LSA senior Michael Kaplan was ecstatic returning home from the Wolverines’ victory over the Fighting Irish Saturday night. But Kaplan’s joy quickly turned to dismay.

Upon opening his locked bedroom door, Kaplan soon found that part of his window had been removed from its frame and his laptop was stolen.

“Everyone was having a good time, we were all so excited,” Kaplan said. “Then I go in my room and find that my laptop is gone. It completely ruined the fun of the day.”

And it turns out he wasn’t the only one.

Kaplan was just one of many students who fell victim to a series of home invasions that occurred this past weekend, resulting in the theft of laptops and other electronic devices. The invasions occurred in the heavily student populated neighborhood south of campus.

At least four separate homes were burglarized this weekend, but the Daily received tips for two others that could not be confirmed. Multiple phone calls placed to these individuals were not returned by yesterday night.

The Ann Arbor Police Department currently has no suspects in any of the reported burglaries, and no reported witnesses, officials say. Police do not yet know if any of the home invasions are linked, but they are not ruling out the possibility.

AAPD Lieutenant Myron Blackwell said that because the crimes occurred over the weekend, the police reports have not yet been compiled.

While he said that he is not always aware of the crimes that are committed while he is off duty, Blackwell said he thinks the number of home invasions that occurred this weekend is not abnormal for this time of the year.

“It’s just the second week of school,” Blackwell said. “Professional (thieves) know students won’t be locking their doors; they come with that knowledge into the area. Getting into student houses isn’t difficult for a professional.”

LSA junior Ellis Hamburger, who lives on Vaughn Street, arrived home Friday night from a party to find that his computer was missing from his room. Upon checking the rest of the house, his roommates found that their computers, computer chargers and an iPod had also been taken. Hamburger said the intruder entered by climbing through a window in the back of the house that did not have a lock on it.

Hamburger said he has spoken with a number of people since the incident who have experienced similar break-ins last weekend.

“There was a big party going on next door when it occurred,” Hamburger said. “It must have definitely made it easier for someone to slip by unnoticed.”

Blackwell noted that house parties could make a theft easier for burglars to carry out. Despite the fact that there may be hundreds of witnesses, he said, there is usually no way to pinpoint a suspect.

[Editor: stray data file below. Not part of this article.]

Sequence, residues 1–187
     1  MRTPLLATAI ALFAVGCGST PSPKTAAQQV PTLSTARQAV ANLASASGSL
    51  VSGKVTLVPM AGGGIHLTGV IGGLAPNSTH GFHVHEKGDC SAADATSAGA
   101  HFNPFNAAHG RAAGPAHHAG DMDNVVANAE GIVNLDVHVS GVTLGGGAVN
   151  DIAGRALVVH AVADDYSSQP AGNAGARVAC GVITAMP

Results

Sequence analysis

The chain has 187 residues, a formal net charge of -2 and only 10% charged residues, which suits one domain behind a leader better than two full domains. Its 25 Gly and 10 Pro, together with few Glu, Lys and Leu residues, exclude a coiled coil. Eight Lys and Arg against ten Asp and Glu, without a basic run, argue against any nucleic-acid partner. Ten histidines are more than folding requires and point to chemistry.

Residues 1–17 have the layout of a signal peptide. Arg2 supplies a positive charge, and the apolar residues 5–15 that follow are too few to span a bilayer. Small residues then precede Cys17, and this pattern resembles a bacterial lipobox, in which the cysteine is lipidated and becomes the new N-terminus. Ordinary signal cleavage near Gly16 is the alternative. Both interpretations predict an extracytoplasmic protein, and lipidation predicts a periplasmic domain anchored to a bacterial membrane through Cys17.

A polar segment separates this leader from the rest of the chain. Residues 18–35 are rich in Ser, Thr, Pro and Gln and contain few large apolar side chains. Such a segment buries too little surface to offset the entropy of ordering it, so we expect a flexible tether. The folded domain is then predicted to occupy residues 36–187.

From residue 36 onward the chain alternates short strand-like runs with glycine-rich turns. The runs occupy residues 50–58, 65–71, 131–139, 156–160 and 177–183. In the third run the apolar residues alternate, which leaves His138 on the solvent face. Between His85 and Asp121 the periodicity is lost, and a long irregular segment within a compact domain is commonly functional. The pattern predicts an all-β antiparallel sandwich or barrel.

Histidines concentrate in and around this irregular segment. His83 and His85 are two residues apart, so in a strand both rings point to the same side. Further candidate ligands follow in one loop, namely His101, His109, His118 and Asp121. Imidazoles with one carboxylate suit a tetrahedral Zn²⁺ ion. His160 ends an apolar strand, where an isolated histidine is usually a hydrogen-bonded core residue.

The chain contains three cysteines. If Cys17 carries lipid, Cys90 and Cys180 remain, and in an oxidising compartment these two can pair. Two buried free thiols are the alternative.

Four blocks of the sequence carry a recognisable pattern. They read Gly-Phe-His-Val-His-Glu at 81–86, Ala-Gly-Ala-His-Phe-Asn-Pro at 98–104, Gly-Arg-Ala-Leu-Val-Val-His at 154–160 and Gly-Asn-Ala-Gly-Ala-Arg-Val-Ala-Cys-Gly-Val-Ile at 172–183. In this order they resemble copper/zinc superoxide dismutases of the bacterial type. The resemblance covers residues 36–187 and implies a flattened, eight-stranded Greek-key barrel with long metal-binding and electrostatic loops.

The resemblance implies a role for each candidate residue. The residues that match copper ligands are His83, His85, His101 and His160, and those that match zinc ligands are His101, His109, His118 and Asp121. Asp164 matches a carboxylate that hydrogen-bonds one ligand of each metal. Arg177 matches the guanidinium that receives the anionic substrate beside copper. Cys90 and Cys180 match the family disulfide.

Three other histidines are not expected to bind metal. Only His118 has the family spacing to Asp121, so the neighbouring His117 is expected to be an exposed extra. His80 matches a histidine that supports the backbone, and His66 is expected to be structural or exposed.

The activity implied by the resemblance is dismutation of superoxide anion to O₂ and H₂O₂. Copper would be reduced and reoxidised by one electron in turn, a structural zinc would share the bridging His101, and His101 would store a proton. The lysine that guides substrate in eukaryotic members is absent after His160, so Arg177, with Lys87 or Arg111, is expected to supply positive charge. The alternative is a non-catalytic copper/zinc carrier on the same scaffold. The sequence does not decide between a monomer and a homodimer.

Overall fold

“There are 200to 300 people at a house party,” Blackwell said. “People go to house parties and mingle right on in and scope out the place. They might come back another time, or if they see the opportunity they’ll take something right then and there.”

Music, Theatre & Dance senior Laura Lapidus arrived home with two of her roommates shortly before the football game on Saturday to find that three of the bedrooms had been broken into. Items missing included four laptop computers, personal credit cards and cash, an iPod, and a digital camera. Lapidus estimated that everything in total was worth more than $5,000.

The intruder or intruders broke in between the hours of noon and 3 p.m. Saturday, Lapidus said, while students and fans alike covered the heavily populated area.

“As silly as it sounds, we are scared that whoever broke in was watching us,” Lapidus said. “They broke in the middle of the day at just the right time that none of us were home.”

Kinesiology senior Dan Schachne and Business senior Dave Jablonski said their house was broken into through one of the side doors Thursday afternoon. A laptop, a 42-inch LCD TV, a Playstation 3, two controllers and two video games were stolen from their home near the intersection of Hill and State Streets.

Calls put out to other suspected victims were not returned Sunday night.

Blackwell said the best way to prevent a breaking-and-entering from occurring is lock all of your doors and windows when you are gone, and be sure that there is never anyone you don’t know in your home.

“When people ask for someone who does not live at your house, call 911 — it is a ploy for thieves,” Blackwell said. “Even if it seems like they are actually a student looking for their friend at the wrong house, it’s better to be safe now than to find you are missing personal items later.”

The AAPD did not have the number of reported home invasions for the weekend readily available yesterday, but Blackwell said the information would be available today.

Music, Theatre & Dance senior Bridget Gabbe, one of Lapidus’ housemates, said they are now second-guessing their houses safety because of the break-in.

“It’s not just the fact that the computers were taken,” Gabbe said. “It’s the fact that there were strangers in our house and it was so easy for them to get in. None of us feel right about staying in our house now.”

Like Gabbe, Kaplan said he finds the fact that strangers so easily entered his house a sobering thought.

“You come home to find that someone was in your room, touching your personal items,” Kaplan said. “It’s not just the hardware. I feel invaded — my privacy is gone. I have to keep worrying about this. I can’t think of my room as the safest place for my things anymore.”

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